' 25 ( 21 - 22)~ HARRY APPLEWH I TE
WHITAKER, 72, of Rocky Mount, died in
June. He held various positions for the City
of Rocky Mount. He was tax collector for
Nash County in the 1950's and later a magis-
trate. His wife and a son survive.
')0 ('26-)0, ')Q-) 2)-EDWIN LLlIOTT
(Pete) BUTLER , of Clinton , d ied June 22. He
. was a Clinton lawyer. While at Chapel Hill
he was Class President of his junior law class
in 1932. His wife survives,
')) ('29-) 2)-LEWISSIDN Y RIGGS, 65, of
Mebane, died Aug. 12 after being ill several
months. He played professional baseball
from 1934-1946 with the St. Louis Cardinals,
the Cincinnati Reds and the Brooklyn Dod-
gers and was in three World Series: 1939,
1940, and 1941. He was a former roommate
of the late Dizzy Dean. His wife, five sisters,
and four brothers survive.
' 36 (' 32-33)-JOSEPH SAMUEL WOMBLE
Jr., of Irvll1gton, N. J., dlC:,d, datf' unknown
He was a dri ver with GrE>vhound Coru. SIll( l'
' 36 (' 32-33)-GLENN RAYMOND BEL-
LAMY, <; 9, of Decatur, Gel, dlpd Aug 2\,
1974 Hi sons survivl'
' 30 (BS Com)-JAMES LYTCH McNAIR Jr.,
65, of Laurinburg, died following a terminal
illness, date unknown.
' 30 ('28-29)-MARION MILLENDER
WHIH (Mrs. Chauncey Rolland) GLEASON,
of Louisville, Ky., died May 29. Her husband
' 25 (AB)-Dr. DONALD BROCK KOONCE,
70, of Wilmington, died May 12. A former
President of the N. C. Medical Society,
Koonce, a Wilmington surgeon, won the
Distinguished Service Award of the Ameri-
can Cancer Society. His wife survives.
' 30 (BS Com)-WILLIAM BREWER MOR-
GAN, 65, of Pittsboro, died July 20 after
three years of bad health He was a former
employee of thE' Durham Morning Herald
and was managing ditor of the hatham
Record from 1937-70. HI wife and two sons
' 33 (' 29-32)-WILLIAM HENRY GRIFFIN,
65, of Wendell, died May 8. He was former-
Iy a tobacco buyer. At Chapel Hill he was a
member of Phi Delta Theta fraternity. Survi-
vors include a daughter, one brother, and
' 36 ('32-351-WALTER RICHARD BUL-
LOCK, 61, of R d Springs, dil'd July 14 /lorn
in Puerto RICO, Bullock ownpd .1I1d opprdtpd
a family farm in upper Robe'on County lit'
was Coml11<lndl'r of the Red Springs Unit ot
the N<1tional Guard from 194<)-'; \. urvlvor,
includl' hi S Wife, daughtE>r, , on, two grancl-
,ons and three sisters
' 33 (MA)-MARY KATH~RINE HARBIN
(Mrs. A. Wolfe) DAVIDSON, 69 of Gaines-
ville, Ga, died Oct 11. She was formerly
Director of Evening School at Gaine ville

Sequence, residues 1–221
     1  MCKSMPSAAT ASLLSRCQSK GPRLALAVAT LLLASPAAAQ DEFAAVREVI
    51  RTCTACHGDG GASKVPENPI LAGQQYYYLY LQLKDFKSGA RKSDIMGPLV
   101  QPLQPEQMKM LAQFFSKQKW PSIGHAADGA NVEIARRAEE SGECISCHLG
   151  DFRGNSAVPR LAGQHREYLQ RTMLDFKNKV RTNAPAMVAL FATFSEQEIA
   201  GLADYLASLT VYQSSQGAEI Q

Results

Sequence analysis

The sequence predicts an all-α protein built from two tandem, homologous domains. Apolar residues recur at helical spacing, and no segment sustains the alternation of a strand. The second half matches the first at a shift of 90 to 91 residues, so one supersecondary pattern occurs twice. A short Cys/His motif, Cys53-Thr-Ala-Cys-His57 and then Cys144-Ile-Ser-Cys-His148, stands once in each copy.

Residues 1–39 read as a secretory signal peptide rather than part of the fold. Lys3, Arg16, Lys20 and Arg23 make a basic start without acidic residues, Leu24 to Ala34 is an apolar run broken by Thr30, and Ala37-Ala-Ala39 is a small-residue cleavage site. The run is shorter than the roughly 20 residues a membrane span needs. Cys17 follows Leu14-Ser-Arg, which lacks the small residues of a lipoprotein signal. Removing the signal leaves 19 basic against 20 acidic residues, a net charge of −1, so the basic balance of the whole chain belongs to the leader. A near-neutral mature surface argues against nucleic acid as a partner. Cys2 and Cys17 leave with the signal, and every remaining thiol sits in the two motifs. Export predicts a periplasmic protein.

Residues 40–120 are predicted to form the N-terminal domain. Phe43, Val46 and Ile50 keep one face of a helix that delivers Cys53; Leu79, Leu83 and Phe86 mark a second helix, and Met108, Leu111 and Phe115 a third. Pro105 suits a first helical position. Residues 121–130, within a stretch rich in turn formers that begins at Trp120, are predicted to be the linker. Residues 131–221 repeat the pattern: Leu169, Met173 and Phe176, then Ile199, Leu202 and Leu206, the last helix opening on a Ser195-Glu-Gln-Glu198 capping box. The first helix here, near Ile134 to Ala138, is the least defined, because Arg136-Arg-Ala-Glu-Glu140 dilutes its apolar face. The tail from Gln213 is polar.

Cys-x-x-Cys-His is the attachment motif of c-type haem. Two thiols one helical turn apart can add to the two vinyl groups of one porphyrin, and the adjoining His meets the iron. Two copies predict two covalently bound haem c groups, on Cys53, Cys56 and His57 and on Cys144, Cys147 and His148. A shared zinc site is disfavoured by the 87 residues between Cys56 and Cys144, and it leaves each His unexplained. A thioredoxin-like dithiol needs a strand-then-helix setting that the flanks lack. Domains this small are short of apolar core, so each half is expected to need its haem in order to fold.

Junior College and an asst. professor of
' 25 (' 21-22)-SIMONS CLARKSON BUS-
BEE, 71, of Goode, Va., died March 31 after
iI long Illness. He had been in the insurance
business HIS wife survives.
' 26 (AB)-HOWARD WINFIELD BARBER,
70, of Crystal River, rI ,died May 28. He was
a former resident of Charlotte and Raleigh
and a life-long Insurance broker. At Chapel
Hill, Barb r was a member of Zeta Psi frater-
nity, the Order of the Gimghoul, and he
letter d in basketball and track. Survivors
are his wife, two sisters, one brother and
four children including Eleanor Ann Barber
(Mrs. lohn Pettit) Maynard '57 (AB), Joan
Winfield Barber (Mrs. Dave M cAlister) Davis
'60 (AB), and William Sutton Barber '65
"The transition to m('trics is childishly
simple and shouldn't be difficult. It's only a
matter of memoriling the new terms and
equivalencies. I have a little bit of a feeling
that some are cashing in on irrational fears
about this new math. A whole semester's.
course on metrics is overtalking- som thing
like tennis, or sex education. There's a
limited amount of talking to be don e, then
you try it."
teams slay more than a half mile from a
'3b (A B !:duc, MA ' 36)-MARCUS BAXTER
SIMPSON Sr., 66, of Statesville, died April
7 of a heart attack He rE'tlred in 1973 after
teaching chool for 37 years He t;lUght dis-
tributive education in the Statesville school
system and Catawba Valley Technical
Institute during the last 21 years Simpson
was past Master of the Statesville MasoniC
Lodge He also served 30 years a a deacon
of the First Baptist Church there. His wife,
son, two sisters and two brothers survive
Oneof the first faculty members in
the 150-year history of the d pt.,